RGGI Delivers

Saving jobs and money by pricing carbon.

I’m not big on parroting press releases, but I’m going to make an exception for RGGI, the northeast’s carbon cap-and-trade program. RGGI is quietly demonstrating that carbon markets can work wonderfully. So it’s too bad no one seems to be paying attention any longer.

Last week, RGGI’s most recent auction netted $83 million, for a lifetime total of nearly $861 million. The vast majority of that money is channeled into energy efficiency and job creation with immediate and tangible results.

For example:

Maine is investing a portion of its RGGI proceeds to implement large-scale energy efficiency projects in commercial and industrial facilities…  the project will enable the Dixfield sawmill to produce 25 percent of its electricity on site, saving enough money to sustain 235 jobs. Moose River Lumber anticipates adding at least three jobs while retaining the 66 full-time and 5 part-time workers currently employed.

Maryland is investing RGGI proceeds to help the state’s farmers control their energy budgets… The program… will save the farmers a collective total of more than $15 million in energy costs over the lifetime of the projects.

In New York, RGGI proceeds are a catalyst, leveraging federal, state and private investments to revitalize local economies. For example, the Village of Patchogue on Long Island used $27,000 in RGGI proceeds to identify energy efficiency opportunities as part of a proposal to upgrade its waste water treatment plant. This analysis made Patchogue eligible for $11.4 million in federal and state funds, which it received for its proposed upgrade.

There’s much more in a new report “Investment of Proceeds from RGGI CO2 Allowances,” which thoroughly documents the program’s investments. It’s encouraging stuff. Or it would be, if there was any serious conversation afoot to expand RGGI geographically or sectorally.

Some critics accuse RGGI of falling short because its allowance prices are low—just $1.89 for a ton of CO2 as of last week’s auction. There’s a fair, if limited, point to make on that score. It’s true that RGGI’s carbon budget is presently generous enough that during this recessionary period it’s not creating a meaningful reduction of carbon emissions beyond what would have happened anyway.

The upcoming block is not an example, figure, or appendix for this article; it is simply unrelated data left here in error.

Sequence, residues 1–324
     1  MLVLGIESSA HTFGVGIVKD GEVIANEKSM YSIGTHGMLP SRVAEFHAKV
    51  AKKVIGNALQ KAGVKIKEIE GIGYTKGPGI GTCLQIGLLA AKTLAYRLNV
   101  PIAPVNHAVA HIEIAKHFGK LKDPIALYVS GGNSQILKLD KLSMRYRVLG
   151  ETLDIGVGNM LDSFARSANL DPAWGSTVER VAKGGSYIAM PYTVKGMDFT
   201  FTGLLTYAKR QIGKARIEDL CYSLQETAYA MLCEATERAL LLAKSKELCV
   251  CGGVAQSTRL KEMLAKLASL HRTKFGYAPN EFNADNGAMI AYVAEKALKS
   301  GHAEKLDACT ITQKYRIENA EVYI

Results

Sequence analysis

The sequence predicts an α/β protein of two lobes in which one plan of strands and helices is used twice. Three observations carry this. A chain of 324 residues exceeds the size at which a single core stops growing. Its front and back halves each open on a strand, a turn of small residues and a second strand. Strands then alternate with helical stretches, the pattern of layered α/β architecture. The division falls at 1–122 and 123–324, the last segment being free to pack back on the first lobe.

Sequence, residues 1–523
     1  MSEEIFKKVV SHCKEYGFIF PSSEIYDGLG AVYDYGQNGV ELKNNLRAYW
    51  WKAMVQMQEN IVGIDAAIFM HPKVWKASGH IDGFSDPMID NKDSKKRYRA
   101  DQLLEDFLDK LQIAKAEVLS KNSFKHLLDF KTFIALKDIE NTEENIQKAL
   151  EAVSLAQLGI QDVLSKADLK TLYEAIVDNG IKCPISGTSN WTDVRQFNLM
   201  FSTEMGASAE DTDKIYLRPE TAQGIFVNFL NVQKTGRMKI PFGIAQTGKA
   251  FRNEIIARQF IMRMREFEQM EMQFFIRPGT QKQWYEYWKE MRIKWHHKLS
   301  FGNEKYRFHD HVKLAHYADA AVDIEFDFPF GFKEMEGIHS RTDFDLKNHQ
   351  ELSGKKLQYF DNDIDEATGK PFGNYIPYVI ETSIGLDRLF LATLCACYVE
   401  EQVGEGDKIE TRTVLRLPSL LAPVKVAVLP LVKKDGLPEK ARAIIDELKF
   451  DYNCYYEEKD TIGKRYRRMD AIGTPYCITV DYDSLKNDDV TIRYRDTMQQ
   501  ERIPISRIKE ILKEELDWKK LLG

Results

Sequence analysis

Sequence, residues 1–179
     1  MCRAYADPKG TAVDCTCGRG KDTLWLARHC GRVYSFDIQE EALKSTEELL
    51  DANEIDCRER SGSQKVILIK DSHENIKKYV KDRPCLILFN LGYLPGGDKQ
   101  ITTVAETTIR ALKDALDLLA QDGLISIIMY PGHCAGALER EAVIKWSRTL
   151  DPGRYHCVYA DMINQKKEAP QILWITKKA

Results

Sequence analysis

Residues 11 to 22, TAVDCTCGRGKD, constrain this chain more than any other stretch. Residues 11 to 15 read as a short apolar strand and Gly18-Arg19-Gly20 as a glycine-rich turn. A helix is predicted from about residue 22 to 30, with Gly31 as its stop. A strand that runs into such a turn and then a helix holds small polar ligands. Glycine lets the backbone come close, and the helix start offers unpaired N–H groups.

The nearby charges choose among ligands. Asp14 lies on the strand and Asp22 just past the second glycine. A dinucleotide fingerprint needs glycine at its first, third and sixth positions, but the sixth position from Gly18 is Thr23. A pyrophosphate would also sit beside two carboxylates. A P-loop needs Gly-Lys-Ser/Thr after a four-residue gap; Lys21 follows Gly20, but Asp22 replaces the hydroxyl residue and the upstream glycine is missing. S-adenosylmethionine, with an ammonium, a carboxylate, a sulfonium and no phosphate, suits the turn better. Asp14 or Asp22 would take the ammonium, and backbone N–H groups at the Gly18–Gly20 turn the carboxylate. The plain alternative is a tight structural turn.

But it’s also worth remembering two things. First, one of the virtues of market pricing for carbon is that the price eases off when times are tough, just as it ratchets up when demand for carbon is high. That’s a smart feature for the climate and the economy. Second, even with carbon prices so low that they’re virtually undetectable, the northeast states—and their residents and businesses—are reaping important dividends in job growth and energy cost savings by investing in efficiency. That’s a win no matter how you slice it.

Want more success stories from RGGI? Please see “The Real Cost of Cap and Trade,” “Grading RGGI’s First Year,” and “CAP on RGGI.”

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  1. Jan Steinman says:

    So, I clicked on the links, but I still don’t understand how a small carbon sink can sell credits through RGGI—or anyplace else, for that matter.We are a co-op organic farm. We make our own biodiesel from restaurant waste, and make fuel alcohol from our own fruit. We planted a tree a day last year, and we heat from wood.This is sorta like peeing while wearing dark pants—you get a warm feeling, but nobody notices. How can we get some meagre credit for our CO2 capture?

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